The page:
At the end of the room, where there is a recess in the wall, is painted another rock rising from the sea, and on it a man with a sling is taking aim at the birds which rise scattering this way and that. A boat with a big paddle oar is holding off from the rock, a naked man amidships is giving a queer salute to the slinger, a man kneels over the bows with his back to the others, and is letting down .a net. The prow of the boat has a beautifully painted eye, so the vessel shall see where it is going. In Syracuse you will see many a two-eyed boat today come swimming in to quay. One dolphin is diving down into the sea, one is leaping out. The birds fly, and the garlands hang from the border.
It is all small and gay and quick with life, spontaneous as only young life can be. If only it were not so much damaged, one would be happy, because here is the real Etruscan liveliness and naturalness. It is not impressive or grand. But if you are content with just a sense of the quick ripple of life, then here it is.
The little tomb is empty, save for its shadowy paintings. It had no bed of rock around it: only a deep niche for holding vases, perhaps vases of precious things. The sarcophagus on the floor, perhaps under the slinger on the end wall. And it stood alone, for this is an individual tomb, for one person only, as is usual in the older tombs of this necropolis.
In the gable triangle of the end wall, above the slinger and the boat, the space is filled in with one of the frequent Etruscan banqueting scenes of the dead. The dead man, sadly obliterated, reclines upon his banqueting couch with his fiat wine-dish in his hand, resting on his elbow, and beside him, also half risen, reclines a handsome and jewelled lady in fine robes, apparently resting her left hand upon the naked breast of the man, and in her right holding up to him the garland–the garland of the female festive offering. Behind the man stands a naked slave-boy, perhaps with music, while another naked slave is just filling a wine-jug from a handsome amphora or wine-jar at the side. On the woman’s side stands a maiden, apparently playing the flute: for a woman was supposed to play the flute at classic funerals; and beyond sit two maidens with garlands, one turning round to watch the banqueting pair, the other with her back to it all. Beyond the maidens in the corner are more garlands, and two birds, perhaps doves. On the wall behind the head of the banqueting lady is a problematic object, perhaps a bird-cage.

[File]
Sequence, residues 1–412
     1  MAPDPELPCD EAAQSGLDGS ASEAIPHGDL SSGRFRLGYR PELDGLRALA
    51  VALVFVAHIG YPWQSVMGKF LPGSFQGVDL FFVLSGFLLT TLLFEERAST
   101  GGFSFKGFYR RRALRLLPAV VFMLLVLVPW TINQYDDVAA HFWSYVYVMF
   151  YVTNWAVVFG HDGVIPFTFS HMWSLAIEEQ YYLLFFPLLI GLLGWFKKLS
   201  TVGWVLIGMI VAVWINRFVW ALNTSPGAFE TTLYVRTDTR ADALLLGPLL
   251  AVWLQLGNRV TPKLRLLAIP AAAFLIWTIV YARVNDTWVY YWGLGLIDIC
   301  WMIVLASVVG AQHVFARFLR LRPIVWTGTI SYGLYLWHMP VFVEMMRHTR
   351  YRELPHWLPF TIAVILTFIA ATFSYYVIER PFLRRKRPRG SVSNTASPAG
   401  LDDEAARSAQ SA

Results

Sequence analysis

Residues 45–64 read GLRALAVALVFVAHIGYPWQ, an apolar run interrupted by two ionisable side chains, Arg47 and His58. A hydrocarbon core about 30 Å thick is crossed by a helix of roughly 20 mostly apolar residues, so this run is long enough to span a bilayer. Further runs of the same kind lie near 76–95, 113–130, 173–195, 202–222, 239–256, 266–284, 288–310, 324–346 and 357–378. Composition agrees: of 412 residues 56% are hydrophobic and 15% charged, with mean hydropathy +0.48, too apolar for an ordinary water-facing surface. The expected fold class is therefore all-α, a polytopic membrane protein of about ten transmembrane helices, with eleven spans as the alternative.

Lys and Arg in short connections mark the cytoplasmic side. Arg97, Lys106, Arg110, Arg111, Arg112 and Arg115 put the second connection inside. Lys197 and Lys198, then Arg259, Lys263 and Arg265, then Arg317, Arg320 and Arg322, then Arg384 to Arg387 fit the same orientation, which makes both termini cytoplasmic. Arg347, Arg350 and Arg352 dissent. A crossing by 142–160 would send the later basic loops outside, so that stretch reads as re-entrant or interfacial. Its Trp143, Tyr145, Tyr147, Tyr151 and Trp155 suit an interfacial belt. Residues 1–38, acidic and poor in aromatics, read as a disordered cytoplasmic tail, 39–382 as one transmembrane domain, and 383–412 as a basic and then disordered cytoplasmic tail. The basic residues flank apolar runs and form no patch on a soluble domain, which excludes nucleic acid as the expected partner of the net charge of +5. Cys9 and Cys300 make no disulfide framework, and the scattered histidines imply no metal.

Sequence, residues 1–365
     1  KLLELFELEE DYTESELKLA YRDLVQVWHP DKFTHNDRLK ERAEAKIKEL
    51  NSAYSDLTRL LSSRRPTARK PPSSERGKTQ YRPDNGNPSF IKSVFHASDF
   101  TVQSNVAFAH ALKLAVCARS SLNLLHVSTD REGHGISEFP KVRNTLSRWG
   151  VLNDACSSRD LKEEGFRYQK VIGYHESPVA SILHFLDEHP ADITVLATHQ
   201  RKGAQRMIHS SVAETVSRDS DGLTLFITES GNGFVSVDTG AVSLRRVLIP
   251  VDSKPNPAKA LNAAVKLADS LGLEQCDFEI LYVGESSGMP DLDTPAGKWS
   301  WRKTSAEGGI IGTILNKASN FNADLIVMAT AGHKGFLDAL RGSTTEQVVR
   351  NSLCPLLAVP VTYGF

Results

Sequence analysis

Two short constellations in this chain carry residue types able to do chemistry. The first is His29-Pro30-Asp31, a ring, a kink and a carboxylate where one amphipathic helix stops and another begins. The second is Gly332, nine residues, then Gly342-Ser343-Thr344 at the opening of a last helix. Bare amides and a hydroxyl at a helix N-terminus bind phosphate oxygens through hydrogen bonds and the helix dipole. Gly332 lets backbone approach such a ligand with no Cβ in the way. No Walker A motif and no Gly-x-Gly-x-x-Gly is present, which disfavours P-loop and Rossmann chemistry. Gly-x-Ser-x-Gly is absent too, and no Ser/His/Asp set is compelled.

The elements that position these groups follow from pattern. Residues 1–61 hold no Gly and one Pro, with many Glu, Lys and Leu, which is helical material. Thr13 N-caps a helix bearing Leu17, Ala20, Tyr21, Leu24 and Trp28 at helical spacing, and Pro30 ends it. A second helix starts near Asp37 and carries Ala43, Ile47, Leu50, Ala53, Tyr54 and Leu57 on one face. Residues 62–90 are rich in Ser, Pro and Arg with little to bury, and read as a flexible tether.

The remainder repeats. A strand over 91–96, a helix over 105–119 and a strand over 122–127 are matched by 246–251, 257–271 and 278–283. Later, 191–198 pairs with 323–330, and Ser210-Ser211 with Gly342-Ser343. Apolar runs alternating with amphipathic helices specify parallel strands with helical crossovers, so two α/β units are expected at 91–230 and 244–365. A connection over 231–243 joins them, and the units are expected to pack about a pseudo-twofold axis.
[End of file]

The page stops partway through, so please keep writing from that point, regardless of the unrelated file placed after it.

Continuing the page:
The scene is natural as life, and yet it has a heavy archaic fullness of meaning. It is the death-banquet; and at the same time it is the dead man banqueting in the underworld; for the underworld of the Etruscans was a gay place. While the living feasted out of doors, at the tomb of the dead, the dead himself feasted in like manner, with a lady to offer him garlands and slaves to bring him wine, away in the underworld. For the life on earth was so good, the life below could but be a continuance of it.Share It